living through death

"The only way that you can accept life is if you can accept death.” –Leo Buscaglia

Tillich’s reason in existence

with 2 comments

The following is my graphical rendering of Paul Tillich’s analysis of actual reason within existence. We begin with a linear look at the pieces which he sees as being in both essential union, and existential conflict. Each of the three continua represent a dimension of reason. This analysis of what he calls “ontological reason” hearkens back to classical conceptions of reason. It may surprise some to see an emotional dimension within Tillich’s analysis; we are used to opposing emotion to reason, but this only serves to locate ourselves within a historic period where the formal dimension is given high priority. Is it any wonder we see popular “irrational” (emotional) reactionary movements?

The “isms” in parentheses indicate the defensive/reactionary modes each of these continua are capable of. It is the practice of isolating oneself within one pole or the other that leads to the actual destruction of reason. He argues that the struggles between these poles lead to the quest for their union, the quest for revelation.

It can be a fun exercise to locate the emphasis of your particular community, be it professional, religious or otherwise.

The following graphic is simply another way of looking at the same thing with an emphasis on making clear the ultimate unity of reason and the various relations that obtain in existence.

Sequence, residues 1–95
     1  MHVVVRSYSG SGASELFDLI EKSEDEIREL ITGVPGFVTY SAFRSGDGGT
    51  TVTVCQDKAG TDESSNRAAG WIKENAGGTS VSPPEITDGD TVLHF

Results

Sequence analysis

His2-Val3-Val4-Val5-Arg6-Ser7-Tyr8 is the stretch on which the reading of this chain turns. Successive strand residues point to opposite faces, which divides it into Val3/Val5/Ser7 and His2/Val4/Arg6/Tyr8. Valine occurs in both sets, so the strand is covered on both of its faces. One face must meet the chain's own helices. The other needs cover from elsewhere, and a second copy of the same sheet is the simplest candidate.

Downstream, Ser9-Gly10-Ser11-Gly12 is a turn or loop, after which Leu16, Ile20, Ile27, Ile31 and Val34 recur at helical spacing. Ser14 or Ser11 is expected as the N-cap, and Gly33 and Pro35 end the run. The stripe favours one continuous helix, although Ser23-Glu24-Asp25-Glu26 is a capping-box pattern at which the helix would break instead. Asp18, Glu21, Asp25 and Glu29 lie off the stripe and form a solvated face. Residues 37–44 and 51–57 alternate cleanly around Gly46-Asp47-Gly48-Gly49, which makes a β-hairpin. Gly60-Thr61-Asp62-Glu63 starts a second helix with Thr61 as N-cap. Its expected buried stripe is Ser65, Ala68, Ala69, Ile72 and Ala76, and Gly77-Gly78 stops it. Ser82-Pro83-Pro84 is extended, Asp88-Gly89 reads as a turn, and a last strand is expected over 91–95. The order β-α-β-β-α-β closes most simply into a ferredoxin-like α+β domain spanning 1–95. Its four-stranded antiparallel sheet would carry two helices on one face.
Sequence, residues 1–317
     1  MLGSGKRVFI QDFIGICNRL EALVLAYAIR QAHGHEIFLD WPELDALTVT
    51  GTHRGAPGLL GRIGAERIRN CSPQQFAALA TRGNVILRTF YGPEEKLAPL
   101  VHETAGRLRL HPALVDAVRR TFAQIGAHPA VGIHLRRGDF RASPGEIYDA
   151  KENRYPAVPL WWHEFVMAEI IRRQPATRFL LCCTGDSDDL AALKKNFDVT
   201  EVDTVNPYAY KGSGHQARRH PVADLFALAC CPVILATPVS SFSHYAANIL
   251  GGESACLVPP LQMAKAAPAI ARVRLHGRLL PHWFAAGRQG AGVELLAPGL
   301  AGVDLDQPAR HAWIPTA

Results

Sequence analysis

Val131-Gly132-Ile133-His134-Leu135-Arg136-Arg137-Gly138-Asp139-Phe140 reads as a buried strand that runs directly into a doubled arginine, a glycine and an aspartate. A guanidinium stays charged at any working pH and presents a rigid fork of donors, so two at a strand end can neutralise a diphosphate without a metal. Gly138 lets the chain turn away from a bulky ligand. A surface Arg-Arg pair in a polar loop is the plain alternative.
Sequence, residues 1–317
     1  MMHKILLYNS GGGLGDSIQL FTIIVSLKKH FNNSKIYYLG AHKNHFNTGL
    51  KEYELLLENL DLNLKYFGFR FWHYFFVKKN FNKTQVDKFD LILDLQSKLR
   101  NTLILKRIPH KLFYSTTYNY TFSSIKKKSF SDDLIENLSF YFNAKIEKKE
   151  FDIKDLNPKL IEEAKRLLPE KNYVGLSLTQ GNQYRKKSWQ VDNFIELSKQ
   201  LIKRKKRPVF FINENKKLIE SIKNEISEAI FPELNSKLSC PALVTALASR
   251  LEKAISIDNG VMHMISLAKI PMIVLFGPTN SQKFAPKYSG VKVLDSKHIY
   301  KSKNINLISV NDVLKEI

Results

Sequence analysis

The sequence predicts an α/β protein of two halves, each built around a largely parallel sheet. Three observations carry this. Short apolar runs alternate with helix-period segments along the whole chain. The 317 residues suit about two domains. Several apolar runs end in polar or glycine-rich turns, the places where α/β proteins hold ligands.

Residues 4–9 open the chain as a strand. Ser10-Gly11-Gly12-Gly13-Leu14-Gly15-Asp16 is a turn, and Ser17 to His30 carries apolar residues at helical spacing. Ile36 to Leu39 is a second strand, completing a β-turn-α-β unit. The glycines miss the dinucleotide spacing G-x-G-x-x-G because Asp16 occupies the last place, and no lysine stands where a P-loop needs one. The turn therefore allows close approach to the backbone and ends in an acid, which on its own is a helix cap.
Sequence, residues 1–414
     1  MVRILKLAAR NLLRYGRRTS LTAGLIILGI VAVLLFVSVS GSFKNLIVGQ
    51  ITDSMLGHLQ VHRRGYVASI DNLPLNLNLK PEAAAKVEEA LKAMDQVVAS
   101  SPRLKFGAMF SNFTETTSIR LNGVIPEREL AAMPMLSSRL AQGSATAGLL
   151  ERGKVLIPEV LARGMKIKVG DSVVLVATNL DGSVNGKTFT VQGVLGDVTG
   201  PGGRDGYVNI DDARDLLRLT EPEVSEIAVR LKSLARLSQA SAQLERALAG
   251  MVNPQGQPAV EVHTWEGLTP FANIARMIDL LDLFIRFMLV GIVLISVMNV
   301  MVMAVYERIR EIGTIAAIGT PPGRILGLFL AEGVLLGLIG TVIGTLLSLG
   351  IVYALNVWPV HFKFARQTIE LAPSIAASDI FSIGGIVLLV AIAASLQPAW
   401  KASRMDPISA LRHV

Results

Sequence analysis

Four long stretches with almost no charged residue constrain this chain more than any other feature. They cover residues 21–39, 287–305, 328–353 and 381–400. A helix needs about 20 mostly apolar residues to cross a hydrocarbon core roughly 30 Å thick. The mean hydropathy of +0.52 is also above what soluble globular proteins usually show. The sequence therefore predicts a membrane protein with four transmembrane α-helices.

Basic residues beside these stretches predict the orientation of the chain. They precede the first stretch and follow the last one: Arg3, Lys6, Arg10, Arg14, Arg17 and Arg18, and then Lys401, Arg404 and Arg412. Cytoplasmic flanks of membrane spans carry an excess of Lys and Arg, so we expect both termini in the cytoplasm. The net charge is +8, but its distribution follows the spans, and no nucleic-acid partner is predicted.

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Written by Alex

August 4, 2010 at 3:08 pm

Posted in Theology

Tagged with ,

2 Responses

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  1. In the circle graph, could you explain what it is meant by “essential structure” and “in existence”.
    :). –Jeremy

    Jeremy tuholski

    August 4, 2010 at 6:30 pm

  2. Jeremy,
    You put your finger on a very important (and difficult) aspect of Tillich’s theology. Perhaps at this point it’s simply best to think in terms of union and estrangement. Reason in its essential form is the union of the static and dynamic dimensions, the emotional and formal dimensions, and the structural and depth dimensions.

    Essentially then, reason, though threatened by disruption and contradiction, is not disrupted, but in union. In existence, however, this potential disruption becomes actual; the various elements are estranged, and begin to war with each other. Tillich wants to say there is no real union in existence, although we strive for it.

    Alex

    August 5, 2010 at 4:00 pm


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